Oops, you're using an old version of your browser so some of the features on this page may not be displaying properly.

MINIMAL Requirements: Google Chrome 24+Mozilla Firefox 20+Internet Explorer 11Opera 15–18Apple Safari 7SeaMonkey 2.15-2.23

Low Dose Dexamethasone Effective as Premedication for Taxanes to Prevent Hypersensitivity Reactions

Findings from a retrospective cohort study determine no association between dose of dexamethasone and rate of hypersensitivity reactions
10 Aug 2021
Anticancer agents & Biologic therapy;  Palliative and supportive care

Although Dr. Alexander Dimitrios Colevas of the Internal Medicine, Stanford University School of Medicine, Stanford, CA, US and colleagues were unable to demonstrate an association between dexamethasone dose and rate of hypersensitivity reactions in a retrospective evaluation of data from 3,181 patients, their data show a higher rate of hypersensitivity reactions in female patients and patients with gynaecologic cancers. Routine use of lower doses, such as a single 10 mg dose of dexamethasone, as premedication for prescribing taxanes to prevent hypersensitivity reactions is preferable according to an article they published on 6 August 2021 in the Journal of Clinical Oncology.

The authors wrote in the study background that despite the widespread use of paclitaxel and docetaxel for different cancer types and their well-known association with hypersensitivity reactions, there is still significant variation in the prescribing practices of steroids for premedication. Premedication almost always includes dexamethasone, which can be associated with multiple side effects if taken for extended periods of time.

The dexamethasone regimen used in early phase I clinical studies is the same as that currently recommended. The authors wrote that despite well-known association with hypersensitivity reactions and significant clinical variation in dexamethasone premedication, there has not been research into optimising the dose of dexamethasone. Improvised lower dose regimens are routinely used, and the recommended dosage may be inefficient, leading to increased risk of either hypersensitivity reactions or side effects of corticosteroids.

The study team reviewed the pattern of premedication in patients who received paclitaxel or docetaxel at Stanford Cancer Institute between January 2010 and June 2020 to determine whether an association between dexamethasone premedication regimens and hypersensitivity reactions could be found. They used an electronic query of the electronic medical records followed-up with a manual review of patients data. Variables considered included steroid dose and route, dose and type of taxane, clinical cancer group, sex, and race.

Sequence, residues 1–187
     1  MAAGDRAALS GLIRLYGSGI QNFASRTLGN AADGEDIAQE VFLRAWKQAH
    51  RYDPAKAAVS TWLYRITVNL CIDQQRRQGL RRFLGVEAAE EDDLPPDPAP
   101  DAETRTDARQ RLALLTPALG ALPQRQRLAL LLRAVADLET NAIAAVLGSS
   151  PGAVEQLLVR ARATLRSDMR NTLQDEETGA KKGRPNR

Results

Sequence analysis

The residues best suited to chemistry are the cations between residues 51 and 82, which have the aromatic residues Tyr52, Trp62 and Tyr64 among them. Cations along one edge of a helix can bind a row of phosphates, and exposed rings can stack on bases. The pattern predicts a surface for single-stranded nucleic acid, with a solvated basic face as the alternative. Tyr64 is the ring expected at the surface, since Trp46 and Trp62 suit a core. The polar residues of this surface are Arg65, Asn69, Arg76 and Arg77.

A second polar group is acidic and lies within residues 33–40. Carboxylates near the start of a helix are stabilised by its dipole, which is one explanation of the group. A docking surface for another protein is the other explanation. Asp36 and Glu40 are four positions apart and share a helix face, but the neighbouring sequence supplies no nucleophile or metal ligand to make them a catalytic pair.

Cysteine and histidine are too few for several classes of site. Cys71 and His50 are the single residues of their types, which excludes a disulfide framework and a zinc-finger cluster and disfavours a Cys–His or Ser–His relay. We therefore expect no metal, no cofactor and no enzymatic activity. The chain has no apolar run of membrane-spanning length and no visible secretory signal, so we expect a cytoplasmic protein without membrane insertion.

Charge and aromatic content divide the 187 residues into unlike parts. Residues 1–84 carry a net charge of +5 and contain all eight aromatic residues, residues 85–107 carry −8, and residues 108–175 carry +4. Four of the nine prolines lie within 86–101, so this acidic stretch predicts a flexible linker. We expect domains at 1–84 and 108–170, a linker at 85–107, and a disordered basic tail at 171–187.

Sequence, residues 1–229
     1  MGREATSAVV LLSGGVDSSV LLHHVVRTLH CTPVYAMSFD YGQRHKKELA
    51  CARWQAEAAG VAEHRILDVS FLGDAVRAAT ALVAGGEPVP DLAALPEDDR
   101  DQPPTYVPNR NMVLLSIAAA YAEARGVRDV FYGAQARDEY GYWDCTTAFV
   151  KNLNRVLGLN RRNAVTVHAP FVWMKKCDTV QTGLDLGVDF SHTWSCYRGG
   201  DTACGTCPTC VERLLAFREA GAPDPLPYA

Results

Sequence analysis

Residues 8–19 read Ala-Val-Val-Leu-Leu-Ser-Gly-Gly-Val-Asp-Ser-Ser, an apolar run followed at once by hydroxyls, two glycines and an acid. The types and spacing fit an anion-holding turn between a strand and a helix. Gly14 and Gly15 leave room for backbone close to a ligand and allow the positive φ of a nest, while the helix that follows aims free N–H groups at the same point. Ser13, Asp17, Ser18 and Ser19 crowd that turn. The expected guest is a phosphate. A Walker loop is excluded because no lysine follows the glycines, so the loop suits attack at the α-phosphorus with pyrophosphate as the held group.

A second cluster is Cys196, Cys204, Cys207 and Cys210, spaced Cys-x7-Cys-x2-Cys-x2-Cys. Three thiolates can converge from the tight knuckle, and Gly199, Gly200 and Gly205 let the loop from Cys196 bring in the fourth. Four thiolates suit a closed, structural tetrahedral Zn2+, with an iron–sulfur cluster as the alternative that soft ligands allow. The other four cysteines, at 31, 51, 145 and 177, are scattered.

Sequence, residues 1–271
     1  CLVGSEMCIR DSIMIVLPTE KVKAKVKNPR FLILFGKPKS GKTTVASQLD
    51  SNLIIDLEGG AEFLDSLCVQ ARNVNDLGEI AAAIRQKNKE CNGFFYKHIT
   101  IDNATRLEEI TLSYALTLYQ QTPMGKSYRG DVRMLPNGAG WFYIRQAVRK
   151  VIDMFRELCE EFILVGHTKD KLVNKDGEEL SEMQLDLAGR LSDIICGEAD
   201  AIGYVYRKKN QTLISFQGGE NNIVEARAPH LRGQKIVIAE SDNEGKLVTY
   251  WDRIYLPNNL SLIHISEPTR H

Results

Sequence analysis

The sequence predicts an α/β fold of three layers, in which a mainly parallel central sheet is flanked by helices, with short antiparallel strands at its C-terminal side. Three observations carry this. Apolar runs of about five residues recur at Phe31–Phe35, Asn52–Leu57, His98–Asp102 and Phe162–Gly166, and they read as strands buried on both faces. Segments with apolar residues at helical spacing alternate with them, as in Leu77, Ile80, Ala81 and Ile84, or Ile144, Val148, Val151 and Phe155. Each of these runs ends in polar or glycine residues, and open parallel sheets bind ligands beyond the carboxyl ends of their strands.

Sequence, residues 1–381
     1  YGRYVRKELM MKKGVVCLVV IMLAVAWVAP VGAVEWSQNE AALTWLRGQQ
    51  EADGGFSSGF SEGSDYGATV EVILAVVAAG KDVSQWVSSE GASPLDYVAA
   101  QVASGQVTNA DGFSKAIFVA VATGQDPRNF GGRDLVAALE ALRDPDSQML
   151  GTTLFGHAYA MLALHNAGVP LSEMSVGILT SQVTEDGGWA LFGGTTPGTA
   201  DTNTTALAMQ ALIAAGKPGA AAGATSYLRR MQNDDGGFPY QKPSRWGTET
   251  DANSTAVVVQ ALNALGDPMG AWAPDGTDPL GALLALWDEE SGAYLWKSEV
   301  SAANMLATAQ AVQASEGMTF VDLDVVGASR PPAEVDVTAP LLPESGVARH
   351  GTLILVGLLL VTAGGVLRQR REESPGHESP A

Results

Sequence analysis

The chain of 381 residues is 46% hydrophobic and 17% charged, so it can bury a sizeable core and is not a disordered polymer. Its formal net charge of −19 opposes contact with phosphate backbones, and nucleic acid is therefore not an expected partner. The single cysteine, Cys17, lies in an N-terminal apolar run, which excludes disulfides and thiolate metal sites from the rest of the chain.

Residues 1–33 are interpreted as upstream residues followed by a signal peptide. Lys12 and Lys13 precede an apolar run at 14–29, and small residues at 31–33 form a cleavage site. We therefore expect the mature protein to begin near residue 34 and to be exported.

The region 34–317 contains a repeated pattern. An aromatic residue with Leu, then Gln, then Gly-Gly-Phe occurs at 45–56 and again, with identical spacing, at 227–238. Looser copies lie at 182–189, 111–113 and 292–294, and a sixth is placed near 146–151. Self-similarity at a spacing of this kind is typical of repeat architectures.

The study researchers identified 5,217 patients who received paclitaxel or docetaxel, but 3,181 patients met criteria for the analysis. There were 264 hypersensitivity reactions (8.3%). In adjusted multivariate analysis, there was no correlation of hypersensitivity reactions rate or severity among any of the variables evaluated except patients in the gynaecology oncology clinic, who had an increased risk (hazard ratio [HR] 1.34) of hypersensitivity reactions overall and high grade hypersensitivity reactions (HR 2.34), as well female patients, who had a higher rate of hypersensitivity reactions overall (HR 1.26), but not high grade hypersensitivity reactions.

The authors commented that they did not find evidence of differences in dexamethasone dose or route of dexamethasone administration in terms of rates of hypersensitivity reactions. They concluded that in their adjusted multivariate analysis, patients who received high dose dexamethasone did not have significantly different rates of hypersensitivity reactions than those who received low dose dexamethasone. Gynaecologic cancer and female sex were significantly associated with higher rates of hypersensitivity reactions.

Many patients are receiving 40 mg of dexamethasone once weekly over the course of several months. The side effects of such dexamethasone exposure range from mild or moderate (e.g. dermatitis, cataracts, Cushing syndrome, impaired glucose metabolism, and gastric ulcers) to severe and life-threatening (e.g. masked septicaemia, arrhythmias, and avascular necrosis). Dexamethasone 40 mg before taxane administration does not protect from hypersensitivity reactions beyond 10 mg. Given the side effects of long term high dose steroids, a single low dose of 10 mg of dexamethasone can be used to minimise both hypersensitivity reactions and steroid side effects in most patients.

Reference

Lansinger OM, Biedermann S, He Z, et al. Do Steroids Matter? A Retrospective Review of Premedication for Taxane Chemotherapy and Hypersensitivity Reactions. JCO; Published online 6 August 2021. DOI: 10.1200/JCO.21.01200

This site uses cookies. Some of these cookies are essential, while others help us improve your experience by providing insights into how the site is being used.

For more detailed information on the cookies we use, please check our Privacy Policy.

Customise settings